Do Student Loans Affect My Credit Score?

Grace Lemire
Grace Lemire

Grace Lemire is a freelance writer and editor with over five years of experience in the personal finance industry. She has been featured on a variety of publications, including NPR, CNN, FinanceBuzz, Dollar Geek, Pangea, and True Finance. Her work focuses on the intersection of personal finance and technology. In 2023, Grace was nominated for the Best Personal Finance Advice award in’s FinTok Awards.

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September 7, 2022

If you’ve borrowed a student loan to fund your college education, you may be curious about the impact it could have on your credit score. 

Like other installment loans, student loans can both help and hurt your credit. If you’re diligent about making payments on time, it may give your score a boost. If you’re missing payments left and right, however, your score could take a serious hit.

To prevent any unintended credit mishaps, you should understand how your credit score is calculated and how your score can shift when borrowing a student loan.

Here’s what you need to know about how student loans affect your credit score.

How Your Credit Score is Calculated

To understand how student loans affect your credit score, you should know how your credit score is calculated to begin with. While there are a variety of credit scoring models, FICO and VantageScore are the two most commonly used by lenders. Here’s how each are calculated:

FICO Score Calculations

Payment History (35%): Your payment history takes into account whether you’ve paid past credit accounts on time. If your track record is spotted with missed or late payments, your score will suffer in this category.

Amounts Owed (30%): Amounts owed, also commonly referred to as credit utilization, is the amount of debt you owe in comparison to the total line of credit you have. While having a high total line of available credit isn’t a bad thing, using a large portion of it may indicate to lenders that you’re overextending yourself financially.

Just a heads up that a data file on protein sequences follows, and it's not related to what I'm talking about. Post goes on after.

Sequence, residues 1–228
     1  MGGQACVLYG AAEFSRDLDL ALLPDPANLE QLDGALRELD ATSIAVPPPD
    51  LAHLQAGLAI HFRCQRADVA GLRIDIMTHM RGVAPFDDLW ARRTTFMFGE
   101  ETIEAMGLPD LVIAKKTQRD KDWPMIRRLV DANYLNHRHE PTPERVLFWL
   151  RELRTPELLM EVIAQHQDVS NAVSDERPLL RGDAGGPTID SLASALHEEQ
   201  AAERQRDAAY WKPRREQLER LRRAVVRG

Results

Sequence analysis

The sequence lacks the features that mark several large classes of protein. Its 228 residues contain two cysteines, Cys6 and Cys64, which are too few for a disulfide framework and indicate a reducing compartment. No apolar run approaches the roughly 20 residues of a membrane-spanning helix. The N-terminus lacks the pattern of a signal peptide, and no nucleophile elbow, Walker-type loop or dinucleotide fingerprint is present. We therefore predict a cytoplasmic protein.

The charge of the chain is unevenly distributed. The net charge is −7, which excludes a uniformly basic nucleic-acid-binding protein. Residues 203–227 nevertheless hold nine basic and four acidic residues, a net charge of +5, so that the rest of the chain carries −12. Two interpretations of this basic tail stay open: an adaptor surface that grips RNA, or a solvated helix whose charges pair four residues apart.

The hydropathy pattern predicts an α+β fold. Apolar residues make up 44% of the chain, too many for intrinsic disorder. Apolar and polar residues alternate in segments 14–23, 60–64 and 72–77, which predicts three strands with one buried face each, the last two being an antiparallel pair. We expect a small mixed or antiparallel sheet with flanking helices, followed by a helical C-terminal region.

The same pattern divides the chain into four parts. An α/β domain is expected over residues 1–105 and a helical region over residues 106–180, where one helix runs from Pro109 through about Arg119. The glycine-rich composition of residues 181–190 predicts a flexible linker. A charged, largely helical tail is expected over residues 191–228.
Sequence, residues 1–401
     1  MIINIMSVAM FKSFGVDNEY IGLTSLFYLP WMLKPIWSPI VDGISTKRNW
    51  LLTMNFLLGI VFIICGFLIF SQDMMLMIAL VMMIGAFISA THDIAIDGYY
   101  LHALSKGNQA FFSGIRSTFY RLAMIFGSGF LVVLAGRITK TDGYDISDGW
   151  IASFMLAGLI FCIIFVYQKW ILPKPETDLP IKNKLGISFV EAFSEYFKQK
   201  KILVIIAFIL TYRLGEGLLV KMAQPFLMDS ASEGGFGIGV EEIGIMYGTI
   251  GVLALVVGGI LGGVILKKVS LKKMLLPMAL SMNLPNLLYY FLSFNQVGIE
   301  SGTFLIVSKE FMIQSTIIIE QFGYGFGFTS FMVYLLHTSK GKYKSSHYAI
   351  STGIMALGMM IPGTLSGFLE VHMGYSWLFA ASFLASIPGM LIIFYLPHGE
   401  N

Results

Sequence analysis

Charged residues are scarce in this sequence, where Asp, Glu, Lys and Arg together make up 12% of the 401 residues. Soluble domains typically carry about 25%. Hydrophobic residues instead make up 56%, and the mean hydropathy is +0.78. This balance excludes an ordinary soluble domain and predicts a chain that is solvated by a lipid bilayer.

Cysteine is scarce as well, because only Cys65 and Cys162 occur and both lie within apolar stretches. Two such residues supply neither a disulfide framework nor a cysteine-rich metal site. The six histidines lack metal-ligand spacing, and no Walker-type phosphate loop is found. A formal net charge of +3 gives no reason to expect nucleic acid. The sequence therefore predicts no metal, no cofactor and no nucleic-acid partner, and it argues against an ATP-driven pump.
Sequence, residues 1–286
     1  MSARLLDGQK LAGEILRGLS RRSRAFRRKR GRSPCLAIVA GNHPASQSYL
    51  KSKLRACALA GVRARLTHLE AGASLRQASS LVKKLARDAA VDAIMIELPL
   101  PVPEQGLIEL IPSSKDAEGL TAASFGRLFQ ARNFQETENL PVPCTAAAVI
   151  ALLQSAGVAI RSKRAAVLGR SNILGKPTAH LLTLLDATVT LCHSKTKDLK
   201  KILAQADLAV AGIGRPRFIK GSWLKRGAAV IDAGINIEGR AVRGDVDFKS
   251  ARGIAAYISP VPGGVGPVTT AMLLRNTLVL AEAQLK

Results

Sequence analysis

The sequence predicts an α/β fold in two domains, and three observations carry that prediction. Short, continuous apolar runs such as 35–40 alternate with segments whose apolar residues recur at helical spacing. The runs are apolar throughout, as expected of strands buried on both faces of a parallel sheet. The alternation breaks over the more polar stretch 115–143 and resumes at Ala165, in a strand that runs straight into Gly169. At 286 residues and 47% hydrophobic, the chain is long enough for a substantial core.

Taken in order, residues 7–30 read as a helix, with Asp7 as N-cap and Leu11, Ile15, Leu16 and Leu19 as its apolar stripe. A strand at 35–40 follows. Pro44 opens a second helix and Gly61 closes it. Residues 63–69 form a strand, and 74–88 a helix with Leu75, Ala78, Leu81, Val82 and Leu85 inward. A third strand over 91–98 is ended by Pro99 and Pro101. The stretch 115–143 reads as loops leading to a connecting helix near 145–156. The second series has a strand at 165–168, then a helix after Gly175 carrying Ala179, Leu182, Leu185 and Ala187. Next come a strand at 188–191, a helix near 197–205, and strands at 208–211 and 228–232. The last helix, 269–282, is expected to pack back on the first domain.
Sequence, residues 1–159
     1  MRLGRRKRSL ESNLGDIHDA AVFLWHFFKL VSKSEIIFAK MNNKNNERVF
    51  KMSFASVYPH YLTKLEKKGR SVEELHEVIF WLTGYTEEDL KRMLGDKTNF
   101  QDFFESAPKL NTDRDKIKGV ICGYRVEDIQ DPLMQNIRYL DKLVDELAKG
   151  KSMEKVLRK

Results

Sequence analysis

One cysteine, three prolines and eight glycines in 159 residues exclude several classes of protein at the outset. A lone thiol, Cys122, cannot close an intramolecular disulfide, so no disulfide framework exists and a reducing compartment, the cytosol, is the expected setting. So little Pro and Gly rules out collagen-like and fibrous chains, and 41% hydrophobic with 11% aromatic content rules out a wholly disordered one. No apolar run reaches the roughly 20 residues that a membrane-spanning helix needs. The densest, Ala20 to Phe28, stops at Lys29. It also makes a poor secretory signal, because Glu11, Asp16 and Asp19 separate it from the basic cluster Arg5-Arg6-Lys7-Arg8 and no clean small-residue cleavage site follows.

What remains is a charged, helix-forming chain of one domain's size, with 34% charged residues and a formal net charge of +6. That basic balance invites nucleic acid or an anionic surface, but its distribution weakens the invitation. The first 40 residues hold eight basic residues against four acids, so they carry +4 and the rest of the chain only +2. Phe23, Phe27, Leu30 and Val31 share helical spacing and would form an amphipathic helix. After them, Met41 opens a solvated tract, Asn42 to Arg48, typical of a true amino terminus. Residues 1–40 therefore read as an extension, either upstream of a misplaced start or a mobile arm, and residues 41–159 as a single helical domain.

Length of Credit History (15%): The longer you’ve been able to effectively manage lines of credit, the better. The length of your credit history is evaluated based on how long your credit accounts have been established, taking into account your oldest and most recent account, plus an average age of all of your accounts.

Credit Mix (10%): An ability to effectively manage a diverse set of credit accounts can be an indicator that you’re financially responsible. So, your FICO score will take into account the mix of installment loans (like student loans), credit cards, mortgage loans, and retail accounts you have.

New Credit (10%): Opening multiple credit accounts in a short period of time raises a red flag to creditors and lenders. In their eyes, it could be a sign of an inability to manage your finances properly, or a desperate need to put expenses on a line of credit. Minimizing the number of new credit accounts you open within any given period of time can help boost your score in this category.

VantageScore 4.0 Calculations

Payment History (41%): Like FICO scores, VantageScore 4.0 places high importance on your payment history, or whether you’ve been able to make on-time payments in the past.

Utilization (20%): Utilization represents how much of your overall available credit you are currently using. The lower this ratio, the better.

Age/Mix of Credit (20%): VantageScore’s “Age/Mix of Credit” category is essentially a mix of FICO’s “Length of Credit History” and “Credit Mix” categories. It evaluates how reliable you may be by using the age of your credit accounts and the mix of credit lines you use as determining factors.